Koblenz conquered by the Franks and then founded a Frankish royal court
During the collapse of the Western Roman Empire in the 5th century, Koblenz was conquered by the Franks and then a Frankish royal court was founded. When the Roman troops withdrew, the Rhine and Moselle bridges were destroyed. The Roman city wall survived until the early Middle Ages. To this day, the remains of the wall and the streets of Altengraben, Plan, Entenpfuhl and Kornpfortstraße in the old town of Koblenz bear witness to the late Roman fortifications.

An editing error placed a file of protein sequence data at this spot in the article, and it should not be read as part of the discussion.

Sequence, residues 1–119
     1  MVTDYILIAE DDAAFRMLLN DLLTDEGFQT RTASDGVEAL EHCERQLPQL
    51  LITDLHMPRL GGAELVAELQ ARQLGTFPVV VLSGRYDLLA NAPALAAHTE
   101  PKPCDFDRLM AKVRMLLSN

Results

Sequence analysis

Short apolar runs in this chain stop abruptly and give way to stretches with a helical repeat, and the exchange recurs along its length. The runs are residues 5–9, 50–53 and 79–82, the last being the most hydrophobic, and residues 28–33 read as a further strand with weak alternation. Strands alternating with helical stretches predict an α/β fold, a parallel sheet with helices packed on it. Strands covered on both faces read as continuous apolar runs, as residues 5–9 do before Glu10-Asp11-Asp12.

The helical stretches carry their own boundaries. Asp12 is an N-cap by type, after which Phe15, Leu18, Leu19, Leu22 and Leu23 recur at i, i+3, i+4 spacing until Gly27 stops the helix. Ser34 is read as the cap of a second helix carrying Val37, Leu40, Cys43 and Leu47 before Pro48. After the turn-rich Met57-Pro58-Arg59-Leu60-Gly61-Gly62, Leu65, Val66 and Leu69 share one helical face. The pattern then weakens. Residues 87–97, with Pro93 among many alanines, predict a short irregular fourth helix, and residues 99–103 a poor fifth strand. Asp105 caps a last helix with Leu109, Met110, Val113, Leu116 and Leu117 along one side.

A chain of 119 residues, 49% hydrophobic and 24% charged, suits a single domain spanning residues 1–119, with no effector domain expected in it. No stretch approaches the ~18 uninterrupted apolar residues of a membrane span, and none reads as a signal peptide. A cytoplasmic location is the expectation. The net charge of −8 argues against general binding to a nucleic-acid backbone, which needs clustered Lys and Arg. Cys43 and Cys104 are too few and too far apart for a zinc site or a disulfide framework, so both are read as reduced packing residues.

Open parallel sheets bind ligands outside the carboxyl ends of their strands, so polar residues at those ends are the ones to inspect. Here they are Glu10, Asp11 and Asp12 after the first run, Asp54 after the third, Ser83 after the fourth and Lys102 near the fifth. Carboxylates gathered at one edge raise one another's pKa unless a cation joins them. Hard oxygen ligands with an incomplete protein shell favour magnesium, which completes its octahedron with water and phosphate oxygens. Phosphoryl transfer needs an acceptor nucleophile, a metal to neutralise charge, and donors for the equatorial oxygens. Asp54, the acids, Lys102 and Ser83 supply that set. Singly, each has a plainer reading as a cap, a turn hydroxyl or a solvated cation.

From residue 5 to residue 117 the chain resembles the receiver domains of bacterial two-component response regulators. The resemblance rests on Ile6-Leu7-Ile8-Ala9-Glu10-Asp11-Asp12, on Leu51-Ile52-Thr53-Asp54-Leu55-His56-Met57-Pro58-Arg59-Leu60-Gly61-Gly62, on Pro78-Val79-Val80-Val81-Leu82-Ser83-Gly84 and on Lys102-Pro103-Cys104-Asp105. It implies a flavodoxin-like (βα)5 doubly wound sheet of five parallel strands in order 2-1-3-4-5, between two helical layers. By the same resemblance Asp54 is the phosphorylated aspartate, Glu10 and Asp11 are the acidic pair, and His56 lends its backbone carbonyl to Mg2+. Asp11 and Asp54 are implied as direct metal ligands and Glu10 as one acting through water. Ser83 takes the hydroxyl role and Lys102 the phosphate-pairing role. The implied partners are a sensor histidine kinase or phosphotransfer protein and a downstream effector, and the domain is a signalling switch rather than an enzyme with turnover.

A temple complex for the Roman Mercurius and the Gallic/Celtic Rosmerta was built in what is now the city forest above Koblenz, not far from the Roman road. Roman coins found there show that the complex was used up until the 5th century. The remains of a Roman farm (Villa rustica) can be found on the Remsteck, which has been partially excavated and partially reconstructed.
The Rhine and Moselle bridges were probably destroyed when Roman troops withdrew in the 5th century. The Roman city wall survived until the early Middle Ages. To this day, remains of walls and streets in the old town of Koblenz bear witness to the late Roman fortifications.